Malcolm X said it a long time ago: "I believe that there will ultimately be a clash between the oppressed and those doing the oppressing. I believe that there will be a clash between those who want freedom, justice and equality for everyone and those who want to to continue the system of exploitation. I believe that there will be that kind of clash, but I don't think it will be base on the color of the skin."
  • Suverans2's picture
    Suverans2 6 years 31 weeks ago Web link Sharon Secor
    "Do not give consent..." ~ Norm Kent Great advice, Norm! I do not consent to be a member of your body politic! Body politic or corporate. A social compact by which the whole people covenants with each citizen, and each citizen with the whole people, that all shall be governed by certain laws for the common good. Uricich v. Kolesar, 54 Ohio App. 309, 7 N.E.2d 413, 414 ~ Black's Law Dictionary, Sixth Edition (c.1991), page 175 [Emphasis added] If you do not want to be "governed by certain laws", withdraw from membership in the group, "dissolve the political bands which have connected [you] with [the body politic] and...assume among the powers of the earth, the separate and equal station to which the Laws of Nature and of Nature's God entitle [you]". I do not consent to be a member of your body politic!
  • tzo's picture
    tzo 6 years 31 weeks ago
    Laughing Terrorists
    Page Paul Hein
    I wonder if the TSA screeners ever ponder the fact that if a suicide bomber gets caught in their net, that he will no doubt set it off right there next to them. Actual TSA job description: Find suicide bombers and get them to blow you up instead of an airplane.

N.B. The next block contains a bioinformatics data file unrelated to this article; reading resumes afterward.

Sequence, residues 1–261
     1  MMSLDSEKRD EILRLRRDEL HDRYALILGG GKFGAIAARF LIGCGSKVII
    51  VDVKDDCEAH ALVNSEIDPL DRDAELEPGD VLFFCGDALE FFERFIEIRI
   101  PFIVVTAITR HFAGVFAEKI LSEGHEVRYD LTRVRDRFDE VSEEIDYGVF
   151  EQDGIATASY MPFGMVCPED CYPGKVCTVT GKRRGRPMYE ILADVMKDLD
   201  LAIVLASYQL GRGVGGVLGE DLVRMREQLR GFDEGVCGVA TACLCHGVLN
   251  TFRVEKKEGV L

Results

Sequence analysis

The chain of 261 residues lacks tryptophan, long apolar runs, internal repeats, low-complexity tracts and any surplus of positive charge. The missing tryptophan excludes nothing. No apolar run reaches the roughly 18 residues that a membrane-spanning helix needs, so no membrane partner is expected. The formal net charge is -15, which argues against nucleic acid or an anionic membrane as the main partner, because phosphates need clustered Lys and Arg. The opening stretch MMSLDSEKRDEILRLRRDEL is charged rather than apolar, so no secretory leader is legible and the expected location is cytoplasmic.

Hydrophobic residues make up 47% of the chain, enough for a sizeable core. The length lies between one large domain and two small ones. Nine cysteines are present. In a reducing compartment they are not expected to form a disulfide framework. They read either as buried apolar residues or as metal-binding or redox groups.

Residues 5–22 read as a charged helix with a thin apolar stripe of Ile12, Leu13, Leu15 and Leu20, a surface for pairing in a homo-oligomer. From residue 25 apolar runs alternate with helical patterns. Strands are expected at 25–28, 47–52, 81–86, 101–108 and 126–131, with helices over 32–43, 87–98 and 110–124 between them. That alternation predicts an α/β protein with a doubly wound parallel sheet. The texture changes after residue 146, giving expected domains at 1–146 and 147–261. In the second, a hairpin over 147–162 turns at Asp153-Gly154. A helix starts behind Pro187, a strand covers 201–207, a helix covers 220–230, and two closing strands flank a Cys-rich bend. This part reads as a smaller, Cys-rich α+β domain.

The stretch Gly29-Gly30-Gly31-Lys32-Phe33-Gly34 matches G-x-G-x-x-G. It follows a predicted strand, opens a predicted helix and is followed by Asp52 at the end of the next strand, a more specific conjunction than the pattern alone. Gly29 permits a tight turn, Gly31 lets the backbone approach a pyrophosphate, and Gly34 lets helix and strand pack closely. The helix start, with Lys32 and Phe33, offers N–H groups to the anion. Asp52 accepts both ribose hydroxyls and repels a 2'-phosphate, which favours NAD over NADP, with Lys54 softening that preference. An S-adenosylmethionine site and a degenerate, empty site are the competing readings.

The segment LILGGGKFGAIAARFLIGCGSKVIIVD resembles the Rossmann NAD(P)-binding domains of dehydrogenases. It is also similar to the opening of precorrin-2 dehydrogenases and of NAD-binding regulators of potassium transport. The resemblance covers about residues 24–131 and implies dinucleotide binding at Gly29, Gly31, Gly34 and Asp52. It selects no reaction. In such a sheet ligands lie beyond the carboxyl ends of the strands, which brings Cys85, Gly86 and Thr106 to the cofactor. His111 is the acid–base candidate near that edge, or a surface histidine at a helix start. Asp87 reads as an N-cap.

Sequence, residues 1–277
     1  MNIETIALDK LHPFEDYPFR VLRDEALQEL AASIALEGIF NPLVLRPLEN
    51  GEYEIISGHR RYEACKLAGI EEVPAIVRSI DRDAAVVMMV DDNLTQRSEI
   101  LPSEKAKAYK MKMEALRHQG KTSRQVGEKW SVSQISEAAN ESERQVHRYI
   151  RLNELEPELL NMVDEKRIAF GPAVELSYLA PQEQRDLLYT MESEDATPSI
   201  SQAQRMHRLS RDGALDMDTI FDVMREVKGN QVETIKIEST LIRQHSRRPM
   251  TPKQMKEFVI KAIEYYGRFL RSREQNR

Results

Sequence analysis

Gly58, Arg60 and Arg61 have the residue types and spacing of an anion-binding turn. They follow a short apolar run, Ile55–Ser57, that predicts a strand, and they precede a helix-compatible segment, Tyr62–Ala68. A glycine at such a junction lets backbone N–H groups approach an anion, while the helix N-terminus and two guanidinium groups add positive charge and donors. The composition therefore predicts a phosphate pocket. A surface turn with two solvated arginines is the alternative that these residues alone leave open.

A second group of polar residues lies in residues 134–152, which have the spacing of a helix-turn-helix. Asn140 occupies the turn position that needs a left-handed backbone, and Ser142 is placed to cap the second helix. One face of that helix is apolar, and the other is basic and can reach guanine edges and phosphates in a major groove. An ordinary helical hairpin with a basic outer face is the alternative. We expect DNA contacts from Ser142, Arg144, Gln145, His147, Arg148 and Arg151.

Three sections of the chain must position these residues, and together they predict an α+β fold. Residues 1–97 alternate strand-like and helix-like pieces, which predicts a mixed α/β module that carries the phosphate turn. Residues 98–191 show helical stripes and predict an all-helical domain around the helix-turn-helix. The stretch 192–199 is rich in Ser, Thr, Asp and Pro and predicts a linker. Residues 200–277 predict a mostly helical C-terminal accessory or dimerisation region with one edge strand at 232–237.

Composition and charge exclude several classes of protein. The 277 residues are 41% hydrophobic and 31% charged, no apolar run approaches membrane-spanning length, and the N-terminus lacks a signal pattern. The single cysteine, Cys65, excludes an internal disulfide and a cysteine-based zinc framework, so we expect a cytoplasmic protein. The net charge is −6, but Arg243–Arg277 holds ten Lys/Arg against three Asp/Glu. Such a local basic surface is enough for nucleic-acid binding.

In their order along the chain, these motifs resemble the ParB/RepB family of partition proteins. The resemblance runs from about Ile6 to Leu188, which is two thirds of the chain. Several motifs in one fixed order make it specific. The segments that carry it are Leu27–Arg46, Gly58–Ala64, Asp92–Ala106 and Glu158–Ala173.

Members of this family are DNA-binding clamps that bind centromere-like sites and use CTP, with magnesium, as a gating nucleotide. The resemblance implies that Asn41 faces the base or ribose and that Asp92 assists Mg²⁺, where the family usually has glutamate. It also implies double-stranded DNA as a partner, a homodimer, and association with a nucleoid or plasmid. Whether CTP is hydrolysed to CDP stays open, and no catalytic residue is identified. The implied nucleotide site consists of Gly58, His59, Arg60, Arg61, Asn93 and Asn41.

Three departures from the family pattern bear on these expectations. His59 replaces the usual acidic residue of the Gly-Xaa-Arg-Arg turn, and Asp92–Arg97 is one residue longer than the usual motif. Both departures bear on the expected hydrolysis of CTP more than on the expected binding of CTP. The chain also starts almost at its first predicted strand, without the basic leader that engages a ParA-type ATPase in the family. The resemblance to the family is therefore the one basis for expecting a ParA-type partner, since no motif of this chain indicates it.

• rita's picture
    rita 6 years 31 weeks ago Web link Anthony Gregory
    You know how to tell if a drug warrior is lying? His lips are moving. His majesty the czar says there's no more drug war, but, at least in my world view, when wars end soldiers put down their weapons and prisoners are released. As long as drugwar soldiers (who, oddly enough, call themselves "peace officers") are roaming the streets, armed to the teeth and trolling for victims; as long as my friends, my kids' friends and my friends' kids live in cages, I will assume that the war continues unabated.
  • oregonmagoo's picture
    oregonmagoo 6 years 31 weeks ago
    Laughing Terrorists
    Page Paul Hein
    Excellent article. The TSA (thousands standing around) has no imagination. There have been no new set of checks for passengers. As the article points out, TSA only checks for methods that have been previously used. Despite the fact that there have been NO threats originating from the domestic side, everyone flying locally continues to be treated as a terriorist. Not to mention that terrorists who are ON the no fly list manage to still board planes and that 3-10 year olds who happen to share terrorist names are barred from flying despite the obvious. The REAL reason all this crap is still going on is that the government is incapable of protecting it's citizens so instead, it treats everyone the same - all flyers are terrorists. STOP FLYING!
  • rita's picture
    rita 6 years 31 weeks ago Web link Anthony Gregory
    For what it's worth, Michael Moore just earned a place on my list of personal heroes.
  • rita's picture
    rita 6 years 31 weeks ago
    Laughing Terrorists
    Page Paul Hein
    Great piece. What you failed to mention is that the reason that people armed with box cutters were able to take over those planes is that for decades, the public, airline employees and passengers alike, were conditioned BY OUR OWN GOVERNMENT to give in to the demands of would-be highjackers. (That's what they tell women to do when faced with an armed rapist, too.)
  • Guest's picture
    vivian (not verified) 6 years 31 weeks ago Web link Derek Henson
    If the Social Security bill could have passed the House, Social Security individuals could have received one $250 check in addition to their regular benefits. Because Social Security won't have a cost-of-living boost, or COLA, in 2011, lawmakers wanted to throw seniors, veterans as well as the handicapped a $250 bone. The GOP prevailed in killing the bill on the grounds that the nation could not afford adding another $14 billion to the deficit.
  • Suverans2's picture
    Suverans2 6 years 31 weeks ago
    Natural Law
    Web link Don Stacy